Navigation Links
Researchers at Penn add another tool in their directed assembly toolkit
Date:11/12/2013

An interdisciplinary team of University of Pennsylvania researchers has already developed a technique for controlling liquid crystals by means of physical templates and elastic energy, rather than the electromagnetic fields that manipulate them in televisions and computer monitors. They envision using this technique to direct the assembly of other materials, such as nanoparticles.

Now, the Penn team has added another tool to its directed assembly toolkit, developing a new kind of template for rearranging particles and a new set of patterns that can be formed with them.

The team consists of Kathleen Stebe, the School of Engineering and Applied Science's deputy dean for research and professor in Chemical and Biomolecular Engineering; Randall Kamien, professor in the School of Arts and Sciences' Department of Physics and Astronomy; and Shu Yang, professor in Engineering's departments of Materials Science and Engineering and Chemical and Biomolecular Engineering. Members of their labs also contributed to the new study, including lead author Marcello Cavallaro Jr., Mohamed Gharbi, Daniel Beller, Simon Čopar, Zheng Shi and Tobias Baumgart.

Their work was published in the Proceedings of the National Academy of Science.

Crystals are materials that have molecules arrayed in regular three-dimensional patterns; liquid crystals contain some but not all of these patterns, and their molecules can flow around one another and change the direction they face. This behavior allows defects, places on the surface where the molecular orientation of the liquid crystals is disrupted.

Despite their name, such defects are highly desirable. If the location of the defects can be controlled, the change in pattern or orientation can be put to use. In a liquid crystal display, for example, the crystals' orientation in different regions determines which parts of the screen are illuminated.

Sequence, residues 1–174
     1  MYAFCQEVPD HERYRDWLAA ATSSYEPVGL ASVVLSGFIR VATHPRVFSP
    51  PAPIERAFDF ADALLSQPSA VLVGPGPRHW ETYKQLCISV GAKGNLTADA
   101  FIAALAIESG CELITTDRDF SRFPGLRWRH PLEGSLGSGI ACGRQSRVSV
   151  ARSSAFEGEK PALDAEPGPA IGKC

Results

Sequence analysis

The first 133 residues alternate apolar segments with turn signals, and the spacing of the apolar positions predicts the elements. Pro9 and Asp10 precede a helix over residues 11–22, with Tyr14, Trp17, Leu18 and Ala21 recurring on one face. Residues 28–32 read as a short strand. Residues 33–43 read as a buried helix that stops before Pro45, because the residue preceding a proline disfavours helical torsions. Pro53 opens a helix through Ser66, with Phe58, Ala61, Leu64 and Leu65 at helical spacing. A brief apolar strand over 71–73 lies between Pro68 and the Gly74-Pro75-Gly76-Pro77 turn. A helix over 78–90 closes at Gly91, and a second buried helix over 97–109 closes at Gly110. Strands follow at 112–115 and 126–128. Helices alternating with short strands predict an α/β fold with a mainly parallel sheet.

In an earlier study, the team had used a template consisting of microscopic posts to arrange the defects on the surface of smectic liquid crystals, a class of the material that forms layers. The position, shape and symmetry of the posts allowed the researchers to manipulate the bottom layer of these liquid crystals which in turn generated patterns of defects on the top layer that were orders of magnitude smaller than the original template.

In their new study, the researchers use nematic liquid crystal, which have less long-range order in their patterns but are the kind found in liquid crystal displays.

"These nematic structures are very reconfigurable. That's the basis of why they're good for displays," Stebe said. "Everyone knew that materials can be moved and positioned with electric and magnetic fields, but we're doing it with fields of elastic energy and showing that this technology can be used in assembling materials."

As in their previous experiments, the team started with a template consisting of microscopic posts that was then topped with the liquid crystal. In this experiment, however, instead of a pattern of defects forming only on the surface of the liquid crystal, a ring-shaped defect encircled each of the posts at their midpoints. This ring then acts like another template, directing the arrangement of patterns on the liquid crystal surface, more than 50 microns away.

"With the smectic liquid crystals," Kamien said, "the patterns of defects we could make were closely associated with the corners of the posts. With nematic liquid crystals, we can form these rings, which is a new way to tell what to go where."

"And we're showing," Yang said, "that, whether we use smectic or nematic crystals, we can use a template that directs these surface defect arrays, which can then hold things like colloids, nanoparticles or quantum dots."